Coates, Yanagihara are among National Book Award finalists

NEW YORK — Ta-Nehisi Coates’ best-selling “Between the World and Me” and Hanya Yanagihara’s sleeper hit “A Little Life” are among the works on the shortlist for the National Book Awards.

Lauren Groff’s acclaimed novel about marriage, “Fates and Furies,” and photographer Sally Mann’s memoir “Still Life,” were other finalists announced Wednesday by the National Book Foundation, the nonprofit organization that presents the awards. Winners in each of the four competitive categories — fiction, nonfiction, poetry and young people’s literature — will be announced at a Nov. 18 ceremony in Manhattan, hosted by humorist Andy Borowitz. Don DeLillo and James Patterson will receive honorary prizes.

The awards will be a showcase for numerous younger writers, from the 40-year-old Coates to the 37-year-old Groff to 23-year-old cartoonist Noelle Stevenson, a finalist in young people’s literature.

Longlists of 10 for the National Book Awards were released last month, with judges on Wednesday narrowing the number in each category to five. A total of 1,428 books was submitted to the judging panels, which consist of authors, critics, booksellers and others in the publishing community willing to set aside weeks and even months to read through the nominated material. Winning authors each receive $10,000 and a bronze statue.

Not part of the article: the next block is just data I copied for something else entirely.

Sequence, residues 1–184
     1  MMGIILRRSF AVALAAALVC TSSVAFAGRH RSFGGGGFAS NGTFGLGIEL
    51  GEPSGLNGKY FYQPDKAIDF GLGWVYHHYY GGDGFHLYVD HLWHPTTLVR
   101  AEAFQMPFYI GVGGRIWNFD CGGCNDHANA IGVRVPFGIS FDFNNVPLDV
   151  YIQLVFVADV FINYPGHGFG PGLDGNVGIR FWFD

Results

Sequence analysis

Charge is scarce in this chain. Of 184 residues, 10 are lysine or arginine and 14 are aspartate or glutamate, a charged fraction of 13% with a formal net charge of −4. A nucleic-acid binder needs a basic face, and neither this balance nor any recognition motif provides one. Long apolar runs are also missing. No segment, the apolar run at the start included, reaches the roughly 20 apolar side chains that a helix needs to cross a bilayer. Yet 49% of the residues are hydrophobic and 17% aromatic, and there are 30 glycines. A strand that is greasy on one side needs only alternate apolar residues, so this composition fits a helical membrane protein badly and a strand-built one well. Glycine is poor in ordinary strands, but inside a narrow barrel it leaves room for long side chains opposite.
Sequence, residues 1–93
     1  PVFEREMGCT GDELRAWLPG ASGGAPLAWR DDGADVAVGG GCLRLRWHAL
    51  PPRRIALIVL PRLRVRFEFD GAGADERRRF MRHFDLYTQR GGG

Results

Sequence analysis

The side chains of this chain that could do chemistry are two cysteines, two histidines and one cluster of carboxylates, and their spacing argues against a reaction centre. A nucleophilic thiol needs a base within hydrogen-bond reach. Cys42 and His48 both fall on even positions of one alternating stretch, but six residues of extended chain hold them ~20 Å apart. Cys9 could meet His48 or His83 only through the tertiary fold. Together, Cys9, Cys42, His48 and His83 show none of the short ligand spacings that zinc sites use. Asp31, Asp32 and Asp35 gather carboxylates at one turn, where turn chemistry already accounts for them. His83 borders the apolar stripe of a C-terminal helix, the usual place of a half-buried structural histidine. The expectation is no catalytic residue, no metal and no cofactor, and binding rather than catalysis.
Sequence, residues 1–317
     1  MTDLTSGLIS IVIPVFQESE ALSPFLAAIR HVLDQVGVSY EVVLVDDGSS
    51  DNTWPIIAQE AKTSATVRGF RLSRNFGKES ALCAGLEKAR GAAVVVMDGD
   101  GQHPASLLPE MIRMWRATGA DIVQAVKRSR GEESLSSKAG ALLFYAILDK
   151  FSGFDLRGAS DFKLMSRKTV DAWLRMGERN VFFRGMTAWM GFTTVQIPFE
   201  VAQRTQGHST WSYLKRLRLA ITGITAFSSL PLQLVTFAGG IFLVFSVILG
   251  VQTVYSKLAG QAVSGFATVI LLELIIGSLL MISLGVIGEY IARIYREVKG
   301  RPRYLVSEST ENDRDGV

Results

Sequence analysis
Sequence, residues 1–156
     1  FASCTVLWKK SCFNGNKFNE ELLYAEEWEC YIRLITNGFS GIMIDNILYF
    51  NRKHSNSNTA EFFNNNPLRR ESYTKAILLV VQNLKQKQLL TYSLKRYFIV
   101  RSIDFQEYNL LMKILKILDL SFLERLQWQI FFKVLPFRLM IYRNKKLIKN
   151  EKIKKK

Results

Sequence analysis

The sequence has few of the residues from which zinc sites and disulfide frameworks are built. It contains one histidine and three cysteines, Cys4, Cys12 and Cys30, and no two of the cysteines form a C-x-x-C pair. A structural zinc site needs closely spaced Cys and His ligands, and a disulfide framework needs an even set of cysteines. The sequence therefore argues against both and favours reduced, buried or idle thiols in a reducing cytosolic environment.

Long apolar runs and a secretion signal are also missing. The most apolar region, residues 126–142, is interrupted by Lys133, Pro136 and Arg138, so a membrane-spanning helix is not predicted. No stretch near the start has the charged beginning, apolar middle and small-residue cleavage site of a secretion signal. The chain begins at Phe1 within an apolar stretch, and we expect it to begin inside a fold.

Coates, a national correspondent for The Atlantic, recently received a MacArthur “genius grant,” and his emotional and despairing letter to his teenage son about race and police violence has been one of the year’s most talked-about books. Other nonfiction nominees for the National Book Award are Sy Montgomery’s “The Soul of an Octopus,” Carla Power’s “If the Oceans Were Ink: An Unlikely Friendship and a Journey to the Heart of the Quran” and poet Tracy K. Smith’s memoir “Ordinary Light.”

Besides “Fates and Furies” and “A Little Life,” a 700-page novel that follows the lives of four men, fiction nominees include two short story collections, Karen Bender’s “Refund” and Adam Johnson’s “Fortune Smiles.” Also cited in fiction was Angela Flournoy’s “The Turner House.”

The poetry finalists are Ross Gay’s “Catalog of Unabashed Gratitude,” Terrance Hayes’ “How to Be Drawn,” Robin Coste Lewis’ “Voyage of the Sable Venus,” Ada Limon’s “Bright Dead Things” and Patrick Phillips’ “Elegy for a Broken Machine.” Nominees for young people’s literature are Ali Benjamin’s “The Thing About Jellyfish,” Laura Ruby’s “Bone Gap,” Steve Sheinkin’s “Most Dangerous: Daniel Ellsberg and the Secret History of the Vietnam War,” Neal Shusterman’s “Challenger Deep” and Stevenson’s “Nimona.”

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